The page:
I took these notes while working through the Introduction to Time Series Analysis at DataCamp.

The most useful way to view raw time series (`ts`

) data is the `print()`

function. It shows the observations and the Start, End, and Frequency. Function `length()`

returns the number of observations. Functions `head()`

and `tail()`

print the first and last `n`

observations. `str()`

shows the structure.

Here are these functions used with the `Nile`

dataset from the `datasets`

package. `Nile`

contains n = 100 measurements of the annual flow of the river Nile at Aswan, 1871–1970, in 10^8 m^3.

`print(Nile)`

```
## Time Series:
## Start = 1871
## End = 1970
## Frequency = 1
## [1] 1120 1160 963 1210 1160 1160 813 1230 1370 1140 995 935 1110 994
## [15] 1020 960 1180 799 958 1140 1100 1210 1150 1250 1260 1220 1030 1100
## [29] 774 840 874 694 940 833 701 916 692 1020 1050 969 831 726
## [43] 456 824 702 1120 1100 832 764 821 768 845 864 862 698 845
## [57] 744 796 1040 759 781 865 845 944 984 897 822 1010 771 676
## [71] 649 846 812 742 801 1040 860 874 848 890 744 749 838 1050
## [85] 918 986 797 923 975 815 1020 906 901 1170 912 746 919 718
## [99] 714 740
```

`length(Nile)`

`## [1] 100`

`head(Nile, n = 10)`

`## [1] 1120 1160 963 1210 1160 1160 813 1230 1370 1140`

`tail(Nile, n = 10)`

`## [1] 1020 906 901 1170 912 746 919 718 714 740`

The `plot()`

function is another useful way to explore the data. When there are multiple time series in the data, use `plot.ts()`

. The default `xlab`

is “Time”, so you will want to override it.

```
plot(Nile,
xlab = "Year",
ylab = "River Volume (1e9 m^{3})",
main = "Annual River Nile Volume at Aswan, 1871-1970",
type ="b") # for points
```

The `deltat()`

and `frequency()`

functions show the spacing within a repeating series and number of periods within a series.

Here are these functions used with the `AirPassengers`

dataset from the `datasets`

package. `AirPassengers`

contains n = 144 monthly totals of international airline passengers, 1949 to 1960.

```
plot(AirPassengers,
xlab = "Month",
ylab = "Passengers",
main = "International Airline Passengers, 1949-1960")
```

```
# for monthly ts, points within year are separated by 1/12.
deltat(AirPassengers)
```

`## [1] 0.08333333`

```
# Number of observations per period (12 months in year).
frequency(AirPassengers)
```

`## [1] 12`

```
# retrieve the observation number within the cycle.
cycle(AirPassengers)
```

```
## Jan Feb Mar Apr May Jun Jul Aug Sep Oct Nov Dec
## 1949 1 2 3 4 5 6 7 8 9 10 11 12
## 1950 1 2 3 4 5 6 7 8 9 10 11 12
## 1951 1 2 3 4 5 6 7 8 9 10 11 12
## 1952 1 2 3 4 5 6 7 8 9 10 11 12
## 1953 1 2 3 4 5 6 7 8 9 10 11 12
## 1954 1 2 3 4 5 6 7 8 9 10 11 12
## 1955 1 2 3 4 5 6 7 8 9 10 11 12
## 1956 1 2 3 4 5 6 7 8 9 10 11 12
## 1957 1 2 3 4 5 6 7 8 9 10 11 12
## 1958 1 2 3 4 5 6 7 8 9 10 11 12
## 1959 1 2 3 4 5 6 7 8 9 10 11 12
## 1960 1 2 3 4 5 6 7 8 9 10 11 12
```

If there are missing observations (`NA`

s) in the time series, it is common practice to impute values with the time series mean.

Suppose `AirPassengers`

is missing 12 months of data. The code below replaces the `NA`

s with the mean and overlays the result in the original plot.

```
x <- AirPassengers
x[85:96] <- NA
plot(x)
x[which(is.na(x))] <- mean(x, na.rm = TRUE)
points(x, type = "l", col = 2, lty = 3)
```

The `ts()`

function creates time series objects. A `ts`

object is a vector or matrix with additional attributes, including time indices for each observation, the sampling frequency and time increment between observations, and the cycle length for periodic data.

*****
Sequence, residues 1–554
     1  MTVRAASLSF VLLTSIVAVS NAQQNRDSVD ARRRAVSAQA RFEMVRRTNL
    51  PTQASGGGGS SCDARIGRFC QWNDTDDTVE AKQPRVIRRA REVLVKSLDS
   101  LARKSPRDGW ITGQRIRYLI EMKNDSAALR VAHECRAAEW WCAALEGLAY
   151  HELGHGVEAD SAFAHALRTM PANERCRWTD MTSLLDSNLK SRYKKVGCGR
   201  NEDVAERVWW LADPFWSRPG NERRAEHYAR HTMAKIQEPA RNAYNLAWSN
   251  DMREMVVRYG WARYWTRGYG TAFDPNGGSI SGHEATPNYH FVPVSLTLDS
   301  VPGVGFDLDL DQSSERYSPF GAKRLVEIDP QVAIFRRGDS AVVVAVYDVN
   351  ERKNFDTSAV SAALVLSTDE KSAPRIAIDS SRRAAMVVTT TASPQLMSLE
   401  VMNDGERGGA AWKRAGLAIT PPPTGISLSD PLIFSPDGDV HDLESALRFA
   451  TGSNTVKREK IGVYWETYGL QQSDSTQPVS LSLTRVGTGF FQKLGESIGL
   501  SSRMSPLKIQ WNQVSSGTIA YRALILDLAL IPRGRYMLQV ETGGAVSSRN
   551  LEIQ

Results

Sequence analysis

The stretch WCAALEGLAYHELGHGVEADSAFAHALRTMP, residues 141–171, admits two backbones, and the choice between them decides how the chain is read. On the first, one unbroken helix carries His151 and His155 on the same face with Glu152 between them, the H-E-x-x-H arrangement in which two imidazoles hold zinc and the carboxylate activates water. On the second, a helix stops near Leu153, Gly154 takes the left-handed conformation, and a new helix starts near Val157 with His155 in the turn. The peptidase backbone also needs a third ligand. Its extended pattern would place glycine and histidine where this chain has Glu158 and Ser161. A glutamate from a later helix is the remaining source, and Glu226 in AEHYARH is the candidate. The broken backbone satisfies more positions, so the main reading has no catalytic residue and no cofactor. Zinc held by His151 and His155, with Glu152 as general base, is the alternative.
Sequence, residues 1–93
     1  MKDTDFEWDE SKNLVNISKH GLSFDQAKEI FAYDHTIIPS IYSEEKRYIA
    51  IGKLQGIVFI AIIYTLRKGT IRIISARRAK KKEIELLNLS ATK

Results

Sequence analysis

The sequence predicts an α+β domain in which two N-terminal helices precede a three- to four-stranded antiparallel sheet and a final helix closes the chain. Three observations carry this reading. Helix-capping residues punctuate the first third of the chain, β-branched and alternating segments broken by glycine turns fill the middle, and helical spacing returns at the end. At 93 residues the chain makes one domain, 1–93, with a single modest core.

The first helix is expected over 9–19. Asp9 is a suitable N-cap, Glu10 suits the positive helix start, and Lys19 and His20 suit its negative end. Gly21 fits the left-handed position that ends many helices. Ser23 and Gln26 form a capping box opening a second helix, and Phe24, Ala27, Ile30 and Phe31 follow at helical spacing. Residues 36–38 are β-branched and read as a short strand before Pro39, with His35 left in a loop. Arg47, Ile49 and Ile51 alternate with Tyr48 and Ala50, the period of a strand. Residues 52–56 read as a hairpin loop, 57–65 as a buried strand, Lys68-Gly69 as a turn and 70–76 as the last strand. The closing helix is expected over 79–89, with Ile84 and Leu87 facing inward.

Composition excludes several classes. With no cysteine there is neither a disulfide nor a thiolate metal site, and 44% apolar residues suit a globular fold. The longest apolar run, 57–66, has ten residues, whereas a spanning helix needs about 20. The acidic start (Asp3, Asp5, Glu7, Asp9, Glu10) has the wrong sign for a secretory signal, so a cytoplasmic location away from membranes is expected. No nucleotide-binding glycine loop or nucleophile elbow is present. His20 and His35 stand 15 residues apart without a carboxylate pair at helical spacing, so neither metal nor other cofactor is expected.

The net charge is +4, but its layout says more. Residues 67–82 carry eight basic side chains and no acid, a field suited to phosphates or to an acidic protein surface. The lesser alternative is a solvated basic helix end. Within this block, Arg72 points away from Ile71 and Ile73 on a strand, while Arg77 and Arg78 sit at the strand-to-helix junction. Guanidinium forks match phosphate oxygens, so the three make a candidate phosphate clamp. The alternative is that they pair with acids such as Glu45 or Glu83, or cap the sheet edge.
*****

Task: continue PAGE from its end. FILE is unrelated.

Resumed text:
If the time series is continuous, its points may or may not be evenly spaced. If it is discrete, the points are necesarily evenly spaced.

```
# Create a time series of quarterly data starting in 2017
x <- rnorm(n = 20)
x.ts <- ts(x,
start = 2017,
frequency = 4)
plot(x.ts,
xlab = "Quarter",
type = "b")
```

The `xts`

object is an alternative to `ts`

. Create an `xts`

object with `xts(x, order.by)`

where `x`

is the the data and `order.by`

is a vector of dates/times to index the data.

```
library(xts)
x.xts <- xts(x,
order.by = seq(as.Date("2017-01-01"),
length = 20,
by = "quarters"))
plot(x.xts,
xlab = "Quarter",
type = "b")
```

If there are multiple time series in the data set, use the `ts.plot()`

function instead of `plot()`

. Dataset `EuStockMarkets`

from the `datasets`

package has multiple series. `EuStockMarkets`

contains daily closing prices of major European stock indices from 1991-1998: Germany (`DAX`

), Switzerland (`SMI`

), France (`CAC`

), and the UK (`FTSE`

).

```
ts.plot(EuStockMarkets,
col = 1:4,
xlab = "Year",
ylab = "Index Value",
main = "Major European Stock Indices, 1991-1998")
legend("topleft",
colnames(EuStockMarkets),
lty = 1,
col = 1:4,
bty = "n")
```

The *White Noise* (WN) model is the simplest example of a stationary process. It has a fixed mean and variance. The WN model is one of several autoregressive integrated moving average (ARIMA) models. An ARIMA(p, d, q) model has three parts, the autoregressive order `p`

(number of time lags), the order of integration (or differencing) `d`

, and the moving average order `q`

. When two out of the three terms are zeros, the model may be referred to based on the non-zero parameter, dropping “AR”, “I” or “MA” from the acronym describing the model. For example, ARIMA (1, 0,0) is AR(1), ARIMA(0,1,0) is I(1), and ARIMA(0,0,1) is MA(1). The WN model is ARIMA(0,0,0).

Simulate a WN time series using the `arima.sim()`

function with argument `model = list(order = c(0, 0, 0))`

. Here is a 50-period WN model with `mean`

100 and standard deviation `sd`

of 10.

```
wn <- arima.sim(model = list(order = c(0, 0, 0)),
n = 50,
mean = 100,
sd = 10)
ts.plot(wn,
xlab = "Period",
ylab = "",
main = "WN Model, mean = 100, sd = 10")
```